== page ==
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In-depth   /   22 May 2024

Playing it out: New digital game
upskills youth on landscape management

Landscape game. Photo by Prasetya Iriawan/CIFOR-ICRAF

Innovative tools that educate and engage the global population are crucial in an era marked by rapid environmental changes and increasing ecological challenges. Into this milieu, Landscape Game 2 emerges as a groundbreaking blend of entertainment and education designed to simulate complex landscape management issues in a dynamic, interactive format. 

The digital strategy game, developed through a collaboration between the Center for International Forestry Research and World Agroforestry (CIFOR-ICRAF) and Bogor Agricultural University (IPB) in collaboration with Agate Studio, offers insights into sustainable landscape management practices while connecting players across the globe.

Landscape game. Photo by Prasetya Iriawan/CIFOR-ICRAF
Landscape game. Photo by Prasetya Iriawan/CIFOR-ICRAF
Landscape game. Photo by Prasetya Iriawan/CIFOR-ICRAF
Landscape game. Photo by Prasetya Iriawan/CIFOR-ICRAF

Conceived as a board game in 2008, the first edition of Landscape Game was a practical educational tool funded by the European Union and developed in partnership with the French Agricultural Research Centre for International Development (CIRAD). Over the years, its popularity necessitated evolution, and the digital version (Landscape Game 2) was born. 

Drawing from iconic strategy games like Monopoly and SimCity, Landscape Game 2 incorporates real-world economics, agriculture, and urban planning elements, engaging players in the multifaceted aspects of landscape management. It not only entertains but also educates, focusing on sustainable land utilization, balancing economic and environmental goals, and managing natural disasters through strategic planning and execution.

The game offers a unique platform where players assume the roles of policymakers, conservationists, and land managers. The digital landscape includes a variety of ecosystems, each with distinct natural characteristics such as waterways, topography, and climatic conditions. Players navigate these terrains, optimizing land use while balancing economic benefits and environmental conservation. The game is designed around several key objectives: maintaining carbon credits above a minimum threshold to prevent ecological disasters, maximizing land productivity, and achieving economic sustainability.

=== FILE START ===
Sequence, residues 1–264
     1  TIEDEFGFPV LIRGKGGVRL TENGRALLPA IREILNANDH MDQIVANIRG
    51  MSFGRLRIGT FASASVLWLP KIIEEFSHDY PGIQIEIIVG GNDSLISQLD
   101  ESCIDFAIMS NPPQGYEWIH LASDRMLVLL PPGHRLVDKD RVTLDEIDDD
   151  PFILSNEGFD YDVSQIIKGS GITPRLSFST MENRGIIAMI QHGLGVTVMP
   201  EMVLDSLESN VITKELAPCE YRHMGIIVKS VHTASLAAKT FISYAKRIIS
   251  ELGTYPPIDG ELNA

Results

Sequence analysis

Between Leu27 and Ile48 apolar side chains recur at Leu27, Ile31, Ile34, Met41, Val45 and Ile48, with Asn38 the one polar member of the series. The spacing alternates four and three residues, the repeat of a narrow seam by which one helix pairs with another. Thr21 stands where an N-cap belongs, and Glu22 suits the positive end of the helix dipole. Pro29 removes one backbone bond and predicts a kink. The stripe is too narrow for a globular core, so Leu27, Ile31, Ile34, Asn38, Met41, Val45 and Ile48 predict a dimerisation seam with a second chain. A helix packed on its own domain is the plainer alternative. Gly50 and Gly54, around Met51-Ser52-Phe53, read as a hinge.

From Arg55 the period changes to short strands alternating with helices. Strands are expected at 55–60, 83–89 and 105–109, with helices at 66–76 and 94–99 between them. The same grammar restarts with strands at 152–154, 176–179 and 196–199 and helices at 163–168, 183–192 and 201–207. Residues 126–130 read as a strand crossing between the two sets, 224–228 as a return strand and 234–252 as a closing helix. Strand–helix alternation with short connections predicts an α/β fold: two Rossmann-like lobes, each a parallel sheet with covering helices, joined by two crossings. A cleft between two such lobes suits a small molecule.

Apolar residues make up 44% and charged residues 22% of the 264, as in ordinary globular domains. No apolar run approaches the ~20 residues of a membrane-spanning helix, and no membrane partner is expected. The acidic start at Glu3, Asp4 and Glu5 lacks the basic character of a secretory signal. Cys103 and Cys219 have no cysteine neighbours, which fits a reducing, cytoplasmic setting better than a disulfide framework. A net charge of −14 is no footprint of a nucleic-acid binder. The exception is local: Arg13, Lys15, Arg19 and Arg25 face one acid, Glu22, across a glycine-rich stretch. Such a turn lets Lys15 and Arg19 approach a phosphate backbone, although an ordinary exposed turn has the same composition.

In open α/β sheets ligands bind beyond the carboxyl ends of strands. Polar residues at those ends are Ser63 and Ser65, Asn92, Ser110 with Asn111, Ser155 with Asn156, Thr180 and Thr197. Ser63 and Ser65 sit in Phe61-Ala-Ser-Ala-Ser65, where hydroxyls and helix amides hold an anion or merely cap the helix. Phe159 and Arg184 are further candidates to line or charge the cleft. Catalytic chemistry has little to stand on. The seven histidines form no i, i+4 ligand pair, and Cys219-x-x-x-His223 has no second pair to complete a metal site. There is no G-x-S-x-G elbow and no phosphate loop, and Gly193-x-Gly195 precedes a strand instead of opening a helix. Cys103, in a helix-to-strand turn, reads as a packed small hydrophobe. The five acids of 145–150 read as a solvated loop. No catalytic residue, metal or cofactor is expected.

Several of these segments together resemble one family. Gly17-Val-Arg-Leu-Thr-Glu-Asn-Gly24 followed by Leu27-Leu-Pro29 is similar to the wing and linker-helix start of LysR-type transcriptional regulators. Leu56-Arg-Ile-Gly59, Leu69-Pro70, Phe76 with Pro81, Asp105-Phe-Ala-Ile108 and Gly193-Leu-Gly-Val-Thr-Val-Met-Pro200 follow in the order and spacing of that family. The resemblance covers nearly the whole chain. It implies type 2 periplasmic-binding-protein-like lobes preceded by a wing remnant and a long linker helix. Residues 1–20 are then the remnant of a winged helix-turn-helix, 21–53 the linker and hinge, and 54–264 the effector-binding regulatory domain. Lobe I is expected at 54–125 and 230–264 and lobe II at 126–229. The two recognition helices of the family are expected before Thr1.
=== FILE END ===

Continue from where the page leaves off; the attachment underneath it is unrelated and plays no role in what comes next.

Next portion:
The game mechanics are straightforward yet strategic. Players begin by selecting a landscape and setting preferences for turn limits and operational timings. Each turn is divided into three phases: Reveal, Action, and Result, where players bid for land, develop properties, and sell commodities. The game’s policy challenges and global market demands sharpen the competitive edge, requiring players to adapt swiftly to changing environmental policies and commodity prices. The process also connects players worldwide, fostering a collaborative environment for exchanging strategies and knowledge. This feature is crucial in cultivating a broader understanding of global ecological issues and reinforcing the necessity for collective action in landscape management. 


Landscape Game 2 educates through experiential learning. “It is timely; it connects people globally and provides a profound understanding of the landscape issues we face today,” said Herry Purnomo, a senior scientist at CIFOR-ICRAF. “Last night, I turned on my television, I saw floods in Demak and Semarang, on the north coast of Java,” he said. “Then I saw a landslide in West Sumatra. Last week I saw [forest] fires in California. It is time to learn why natural disasters happen.”

Game testing and workshop of the Landscape Game 2, a collaborative effort between the GCRF Trade, Development and Environment Hub (TRADE Hub), IPB University, and Agate Studio. This game aims to promote the understanding of the landscape approach and sustainability. Photo by CIFOR-ICRAF

The game models real-life scenarios that highlight the consequences of poor land management and the benefits of sustainable practices. Integrating AI and internet connectivity, the game offers a realistic simulation of market dynamics and ecological responses, making it a state-of-the-art tool for understanding and addressing the global climate crisis.

“Together, the whole world is fighting against the climate crisis, and this game is a way to understand why the crisis is happening – and how to mitigate it,” said Purnomo. “This is the internet era, and it’s time to harness the power of technology.” 


Landscape Game 2 is funded by UK Research and Innovation’s Global Challenges Research Fund and supported by contributions from the Walmart Foundation, among other contributors. The game is available for download in selected regions and is compatible across various digital platforms, ensuring broad accessibility and impact.

Story development: Nabiha Shahab | Video production: Aris Sanjaya | Web design: Gusdiyanto | Coordinator: Budhy Kristanty

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